In late July, Moussa Aksar, the director of Niger’s L’Évènement newspaper, answered his phone and heard a familiar voice warning him that he was, once again, in danger.
“Be careful,” a friendly source told Aksar. “Look out for yourself and be careful what you say on the phone.”
Aksar had just published Niger’s first exposé from the Panama Papers, the investigation based on a leak of documents from a law firm that has helped politicians, oligarchs and fraudsters create and use secrecy-veiled shell companies.
The July 25 edition of Aksar’s newspaper featured a front-page story highlighting previously unknown details regarding an offshore company linked to a businessman reputed to be a major financier of Niger’s ruling political party. Copies of the paper sold out within hours.
Many citizens were delighted by the revelations. Others took aim.
“Moussa Aksar is reportedly hiding,” one Facebook user wrote, accusing Aksar of being wanted by the police for his reporting. “Has he lost his ability to make up fake stories?” laughed another. Another accused him of blackmail. Aksar suspects he was followed. He told his two daughters to lock the door and to unleash the family’s guard dogs.
Aksar and his newspaper aren’t alone among the journalists and news outlets that have been hit with blowback in response to their work on the Panama Papers investigation, the largest collaboration of journalists in history.
Even as the Panama Papers disclosures have sparked 150 official investigations in at least 79 countries around the world, they have also provoked pushback from individuals and governments displeased with revelations of the hidden economic holdings of the global elite. Politicians, business executives and thousands of their supporters have responded with vitriol, threats, cyberattacks and lawsuits, according to a survey by the International Consortium of Investigative Journalists, which coordinated the Panama Papers investigation.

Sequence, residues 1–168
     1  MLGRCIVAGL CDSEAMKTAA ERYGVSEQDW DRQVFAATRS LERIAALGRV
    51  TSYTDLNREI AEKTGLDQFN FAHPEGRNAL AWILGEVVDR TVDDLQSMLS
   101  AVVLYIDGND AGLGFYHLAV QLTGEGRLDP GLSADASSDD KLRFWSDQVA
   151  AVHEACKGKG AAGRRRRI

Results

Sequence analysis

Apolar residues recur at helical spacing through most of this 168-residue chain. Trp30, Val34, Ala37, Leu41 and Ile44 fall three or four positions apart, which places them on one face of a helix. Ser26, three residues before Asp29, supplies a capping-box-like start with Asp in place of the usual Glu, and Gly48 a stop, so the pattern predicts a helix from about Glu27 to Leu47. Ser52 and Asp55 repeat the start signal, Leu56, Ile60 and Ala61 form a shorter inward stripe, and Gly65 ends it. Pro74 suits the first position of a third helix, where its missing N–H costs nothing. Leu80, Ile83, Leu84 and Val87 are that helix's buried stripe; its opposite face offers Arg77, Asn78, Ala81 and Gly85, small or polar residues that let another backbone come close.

These hardline reactions are part of a continuing pattern around the world of threats and suppression targeting journalists, like Aksar, who fight to tell uneasy stories. Niger authorities jailed Aksar for six days in 2008, for example, for his reporting on corruption and trafficking in fake medicines and black market babies.
“We are tracking the impact of Panama Papers and the retaliation journalists and media organizations are suffering,” said Courtney Radsch, advocacy director at the Committee to Protect Journalists. “Sadly, we find it par for the course that journalists are under attack for reporting on corruption. We know that it is one of the most dangerous beats for journalists.”
One of the most unexpected flashpoints to emerge from the Panama Papers is in Spain where Grupo Prisa, the parent company of major newspaper El País, announced plans to sue ICIJ’s media partner, El Confidencial, for $9 million. According to El Confidencial, Grupo Prisa acknowledged the accuracy of El Confidencial’s reporting but claimed that the Panama Papers revelations that tied an offshore company to the ex-wife of Grupo Prisa’s chairman, Juan Luis Cebrián, amounted to unfair competition.
Cebrián’s ex-wife linked the company to Cebrián’s business and said that she had no role in its operations, a claim Cebrián denies. Both newspapers are fighting for the top spot in Spain’s news market. El Confidencial reported that Grupo Prisa claimed it lost readers and suffered economic loss because of El Confidencial’s reporting on the Panama Papers. Grupo Prisa declined to respond to ICIJ’s questions and said it is “in the lawyers’ hands.”
“The editor of the biggest newspaper and the biggest radio station in Spain is shamefully starring in the largest and most unprecedented attack on press freedom in our country,” El Confidencial wrote in an editorial in October. If the suit is successful, El Confidencial’s editor, Nacho Cardero told ICIJ, “this suit would mean that journalists can’t write or investigate about other editors or journalistic companies” no matter the level of public interest.